Will Prop. 30 Fix CUSD's Budget Hole? Nope

A post-election analysis shows more tough decisions lie ahead.

Although Prop. 30 was billed as a way to restore school funding, it won't be enough to stave off Capo Unified's multimillion-dollar budget woes.

If the measure had failed, CUSD faced a $51-million shortfall next year. But even after the passage of Prop. 30, the district is still looking to cut $31 million from the 2013-14 school year. That figure represents about 10 percent of the current budget.

In June, trustees put a bandage on the budget gap by adopting a one-year contract with employee groups.

Here’s how CUSD balanced the books for the 2012-13 school year:

  • Increased class sizes by an average of 1.5 students at all grade levels
  • Continued a 1.2 percent salary cut already in place
  • Continued three unpaid furlough days already in place
  • Added five unpaid instructional days, to be lopped off at the end of the school year
  • Froze regular salary step-and-column increases for six months

The district also made $11 million in cuts to other areas.

Class sizes in Capo already exceed state maximums. The district sought waivers to go beyond those limits. The waiver for grades 4-8 expires at the end of this school year. The waiver for kindergarten through third is good through June 2014.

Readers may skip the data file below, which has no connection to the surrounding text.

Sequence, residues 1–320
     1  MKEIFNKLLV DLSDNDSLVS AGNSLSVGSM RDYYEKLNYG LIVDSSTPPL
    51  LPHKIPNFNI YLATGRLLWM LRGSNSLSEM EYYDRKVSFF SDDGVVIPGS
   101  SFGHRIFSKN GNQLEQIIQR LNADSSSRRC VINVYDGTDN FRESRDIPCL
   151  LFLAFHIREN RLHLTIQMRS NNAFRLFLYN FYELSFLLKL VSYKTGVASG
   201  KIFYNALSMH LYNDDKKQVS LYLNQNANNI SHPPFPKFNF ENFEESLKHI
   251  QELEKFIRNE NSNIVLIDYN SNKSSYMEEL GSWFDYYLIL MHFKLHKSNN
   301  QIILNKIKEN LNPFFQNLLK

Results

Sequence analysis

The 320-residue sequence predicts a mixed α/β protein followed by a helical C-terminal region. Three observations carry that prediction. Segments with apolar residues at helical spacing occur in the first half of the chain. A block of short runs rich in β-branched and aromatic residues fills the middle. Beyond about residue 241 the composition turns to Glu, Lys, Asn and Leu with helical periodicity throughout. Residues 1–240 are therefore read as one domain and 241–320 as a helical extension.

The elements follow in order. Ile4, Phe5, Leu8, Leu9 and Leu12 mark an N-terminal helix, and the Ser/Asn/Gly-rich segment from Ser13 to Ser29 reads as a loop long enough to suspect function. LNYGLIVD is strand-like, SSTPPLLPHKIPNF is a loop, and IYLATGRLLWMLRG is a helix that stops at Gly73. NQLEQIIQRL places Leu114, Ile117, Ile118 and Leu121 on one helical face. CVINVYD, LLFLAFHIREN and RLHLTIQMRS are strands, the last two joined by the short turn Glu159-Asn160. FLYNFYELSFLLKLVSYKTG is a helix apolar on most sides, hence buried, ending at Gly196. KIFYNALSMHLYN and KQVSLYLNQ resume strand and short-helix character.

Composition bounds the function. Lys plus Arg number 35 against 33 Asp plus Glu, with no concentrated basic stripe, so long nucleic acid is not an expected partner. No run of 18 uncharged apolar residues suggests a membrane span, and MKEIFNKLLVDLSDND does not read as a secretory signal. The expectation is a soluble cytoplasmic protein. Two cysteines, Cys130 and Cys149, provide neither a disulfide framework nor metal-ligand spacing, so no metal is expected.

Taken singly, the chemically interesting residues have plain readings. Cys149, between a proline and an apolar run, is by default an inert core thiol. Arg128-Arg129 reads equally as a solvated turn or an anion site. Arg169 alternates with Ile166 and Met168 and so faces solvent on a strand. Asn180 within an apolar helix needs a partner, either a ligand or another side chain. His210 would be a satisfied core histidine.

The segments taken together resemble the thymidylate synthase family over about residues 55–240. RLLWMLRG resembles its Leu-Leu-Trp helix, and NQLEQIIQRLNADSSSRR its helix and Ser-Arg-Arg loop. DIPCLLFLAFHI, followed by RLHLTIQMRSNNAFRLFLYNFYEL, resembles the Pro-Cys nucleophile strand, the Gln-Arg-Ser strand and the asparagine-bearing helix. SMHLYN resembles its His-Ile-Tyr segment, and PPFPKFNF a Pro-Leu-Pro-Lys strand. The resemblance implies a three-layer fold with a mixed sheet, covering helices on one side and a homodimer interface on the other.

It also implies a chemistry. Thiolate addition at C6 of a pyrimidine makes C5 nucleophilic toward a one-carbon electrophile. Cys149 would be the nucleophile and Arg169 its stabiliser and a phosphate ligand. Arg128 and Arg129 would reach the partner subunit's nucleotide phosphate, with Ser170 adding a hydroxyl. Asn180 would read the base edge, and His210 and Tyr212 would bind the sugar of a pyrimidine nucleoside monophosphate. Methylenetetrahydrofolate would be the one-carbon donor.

So, any decision to continue with the current class sizes will take another vote from the board, at least for grades 4-8.

What are the trustees in the newly constituted board thinking? Only newcomer Jim Reardon responded to Patch’s inquiry.

"As a new board member and a member of a clear minority, I will have the unique opportunity to weigh in, but the decision about how to balance that budget will be made by the majority – the same people who brought CUSD to the point of this difficult decision," he said. "My priority will be to protect the quality of opportunity we provide our students."

Here’s state Superintendent of Public Instruction Tom Torlakson’s reaction to Prop. 30 passing: “Passage of Proposition 30 means parents and students across the state can breathe a collective sigh of relief, knowing that our schools will have the resources to stay open for the remainder of the year."

Dawn Urbanek November 13, 2012 at 03:18 AM
Money meant for the classroom instead went for union activities—the same union that extorts money from the teachers—in the millions, each year. If you want to be a union” leader”—then the union should pay for it instead of a 4th grader. Humm? Sounds like CUSD to me? http://capoliticalnews.com/2012/10/03/sucking-the-life-out-of-americas-public-schools-the-expense-of-teachers-union-contracts/
Dawn Urbanek November 13, 2012 at 03:21 AM
Shelly - you are a Stepford Wife - beating your head against reality.
Dawn Urbanek November 13, 2012 at 03:21 AM
Oh I meant mother- who advocates against the best interest of their own children?
Antoine November 13, 2012 at 03:28 AM
Dawn - You're a fraud and nothing but a union basher. Instead of finding solutions you're turning this into a mean-spirited snorfest.
Penny Arévalo November 13, 2012 at 03:34 AM
Enough with the insults. I'm gonna close this thread for a cooling off period.


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